One element that the city has heard loud and clear from residents, Grindall said, is the need for a modern library to be included in any enhancement plan from the city. Grindall assured the crowd that an updated library is a high priority for the city and it will be included in the general plan.

While it’s unusual for most cities to partner with a university on these types of projects, Grindall said Newark officials are pleased with the work the students have done and that the only expense to the city was paying the students’ travel expenses to the area.

Because the city partnered with a university on the initial portion of the project, Grindall estimates it reduced the cost of the consultant by 50-percent.

Now that the students’ portion of the project is completed, Grindall said the next step is to “hire a consultant to synthesize these subjects and draft a general plan. Then it will be presented to the council.”

Newark City Council is expected to vote Thursday on whether the city will be authorized to find a professional planning and environmental consultant group for the next step of the project, called the Newark General Plan Tune-Up, according to the City Council Agenda.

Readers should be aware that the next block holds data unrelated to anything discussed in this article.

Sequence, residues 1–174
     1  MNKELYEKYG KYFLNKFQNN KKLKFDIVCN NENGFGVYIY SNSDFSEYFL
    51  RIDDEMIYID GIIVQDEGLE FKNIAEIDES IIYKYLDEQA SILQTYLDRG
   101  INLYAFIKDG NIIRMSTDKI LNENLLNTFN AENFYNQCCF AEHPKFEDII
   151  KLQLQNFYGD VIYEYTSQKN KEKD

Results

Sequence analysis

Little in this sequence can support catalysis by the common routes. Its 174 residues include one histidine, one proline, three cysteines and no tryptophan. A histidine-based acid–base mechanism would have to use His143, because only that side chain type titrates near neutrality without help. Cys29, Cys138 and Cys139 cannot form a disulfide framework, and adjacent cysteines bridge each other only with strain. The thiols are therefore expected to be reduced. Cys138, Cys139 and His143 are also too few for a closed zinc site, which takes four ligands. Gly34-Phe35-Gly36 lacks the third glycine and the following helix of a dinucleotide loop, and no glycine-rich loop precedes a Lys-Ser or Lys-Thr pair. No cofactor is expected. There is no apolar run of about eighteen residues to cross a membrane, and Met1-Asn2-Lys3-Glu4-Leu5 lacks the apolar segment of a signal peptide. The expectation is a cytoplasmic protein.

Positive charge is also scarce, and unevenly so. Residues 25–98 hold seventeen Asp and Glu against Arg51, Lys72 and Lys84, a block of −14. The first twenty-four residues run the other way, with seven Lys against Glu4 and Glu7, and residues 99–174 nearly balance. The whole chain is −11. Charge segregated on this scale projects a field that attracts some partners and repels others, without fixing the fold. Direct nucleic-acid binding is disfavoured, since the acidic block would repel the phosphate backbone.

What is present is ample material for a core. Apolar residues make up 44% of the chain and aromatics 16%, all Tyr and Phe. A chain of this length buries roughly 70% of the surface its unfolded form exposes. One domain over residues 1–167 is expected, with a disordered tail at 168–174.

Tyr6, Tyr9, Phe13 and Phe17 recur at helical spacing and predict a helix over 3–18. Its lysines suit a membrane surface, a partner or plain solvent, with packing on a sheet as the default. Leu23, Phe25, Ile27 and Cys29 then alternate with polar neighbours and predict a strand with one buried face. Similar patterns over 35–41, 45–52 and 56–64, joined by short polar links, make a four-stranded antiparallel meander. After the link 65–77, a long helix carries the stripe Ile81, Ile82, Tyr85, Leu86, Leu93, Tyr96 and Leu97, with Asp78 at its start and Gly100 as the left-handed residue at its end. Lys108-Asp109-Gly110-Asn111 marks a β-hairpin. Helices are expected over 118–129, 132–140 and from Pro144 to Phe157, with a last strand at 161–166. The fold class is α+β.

City council meets at 7:30 p.m. Thursday at City Hall, 37101 Newark Blvd.

The council then will hold workshops on the general plan, which will be open to the public. Finally, an environmental impact report will be created, Grindall said, estimating that the process should conclude around April 2013.

Although the process of updating the city’s general plan is moving forward, Grindall said it’s important to remember that the document is still taking shape and that residents will have more opportunities to have their say before it is finished next year.

“There’s no bulldozer warmed up and waiting for it to happen,” Grindall said.

What is your favorite suggestion presented in the Preferred Growth Scenario? How would you like to see Newark develop? Share your thoughts in our comments section below.


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Jacob M. July 30, 2012 at 03:07 AM
You don't know very many people do you?
Martha Ibarra August 02, 2012 at 11:07 PM
Very true, update the park's exciting bathrooms would be a better idea.
Martha Ibarra August 02, 2012 at 11:11 PM
So true
Geoff Burton August 03, 2012 at 12:12 AM
From what I read and heard, no one thought attending the planning meetings with the school kids made a bit of difference, so why go also whats the point of our input if we are not listened to..
Nadja Adolf August 03, 2012 at 04:16 AM
I know a lot of college educated Newark residents who want a good future for their children and see Newark as an impediment to that objective.